One of those days
One of those days
This post may seem contradictive with my previous postings, but I believe that there is some time in our career when we were outnumbered by our non-valve peers and requires “relatively equal” sparing partners to check whether we are still insane.
I am working in a country where “10 How’s” and “10 Why’s/Why not” always asked to challenge one’s experiences. In addition, we are now living in an era where instant solutions is seemingly possible and it is a big word to say NO based on gut feeling.
Never had any experience with solving problem one below in live situation, and never meet people who dare or even survive to tell the story, kindly advise what is the wise (if not the best) way to convey the message.
PS: I've seen this problem several times per year, ever since I started to repair valve (15 years ago), up until now it was up to my team on how to tackle it. But nowadays trend is: "can we do it without killing the Plant??"
1.Problem number one with damage spindle.
Root cause: operator was using some “tool” sort of electro pneumatic “gun” and forgot to stop in close position
Valve general: 4”-2500# gate valve, material SS321, welded, Schedule XXS
Try to see underneath to check whether the bottom spindle crooked or not, the slot between stem and wedge still intact and whether the gland packing rings is borne unequal axial force. No luck, due to wall thickness is 69 mm up to 100 mm we can only see grey area even with the strongest Gamma ray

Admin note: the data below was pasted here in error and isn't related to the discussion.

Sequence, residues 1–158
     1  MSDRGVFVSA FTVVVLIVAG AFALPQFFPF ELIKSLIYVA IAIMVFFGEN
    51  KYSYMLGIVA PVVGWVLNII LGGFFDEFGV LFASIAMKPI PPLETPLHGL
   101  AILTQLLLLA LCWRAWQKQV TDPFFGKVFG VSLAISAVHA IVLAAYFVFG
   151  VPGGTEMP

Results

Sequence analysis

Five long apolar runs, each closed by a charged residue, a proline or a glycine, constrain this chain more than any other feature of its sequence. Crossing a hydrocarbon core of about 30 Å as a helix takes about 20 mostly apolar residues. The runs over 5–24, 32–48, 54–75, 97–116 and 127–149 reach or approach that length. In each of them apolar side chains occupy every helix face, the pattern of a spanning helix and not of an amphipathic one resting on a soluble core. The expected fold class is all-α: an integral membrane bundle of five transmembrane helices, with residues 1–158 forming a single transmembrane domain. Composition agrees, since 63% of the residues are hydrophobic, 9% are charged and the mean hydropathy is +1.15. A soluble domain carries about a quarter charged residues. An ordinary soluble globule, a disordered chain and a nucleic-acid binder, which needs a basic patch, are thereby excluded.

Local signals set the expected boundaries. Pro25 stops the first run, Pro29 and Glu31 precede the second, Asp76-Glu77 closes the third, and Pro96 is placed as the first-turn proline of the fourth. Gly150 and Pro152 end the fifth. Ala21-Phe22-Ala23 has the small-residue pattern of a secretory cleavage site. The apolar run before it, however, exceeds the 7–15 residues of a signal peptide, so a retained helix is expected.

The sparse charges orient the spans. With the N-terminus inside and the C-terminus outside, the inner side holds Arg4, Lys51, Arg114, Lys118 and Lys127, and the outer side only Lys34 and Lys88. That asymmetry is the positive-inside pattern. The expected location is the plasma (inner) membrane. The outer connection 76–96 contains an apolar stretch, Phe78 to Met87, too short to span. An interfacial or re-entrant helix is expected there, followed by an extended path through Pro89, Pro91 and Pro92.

What is inside: Gas with 5% H2S and some other nasty stuff, pressure 180 bar
Crazy idea which I am outnumbered is my colleagues are figuring out on how to straightening it as current condition without shutting down the Plant. By means of making specific threaded hydraulic jack (which on the making). We will test it on the mockup first, bend one representable valve in the workshop and put it on the test bench, under pressure, and straightening it.
Is it even possible to do this?
What could go wrong with the mock up and real test? Gland packing wise, and what the simple explanation behind it?
Any “wise” words?
2.Problem number two with cracked open gearbox
Quite straight forward: nodular cast iron gearbox housing, even though valve is manually operated (in theory do not see shock compared to its actuated brother) but after more than 25 years things like this just happened
Constraint: RingO pressure seal (no longer exist) and lead time (3 weeks)
Question: what is better material solutions? Quantity is only 40 something actuator, is another brand usually interchangeable?
Open for mocking, laughter, etc. but preferably constructive advice.
All valves will last for years, except the ones that were poorly manufactured; are still wrongly operated and or were wrongly selected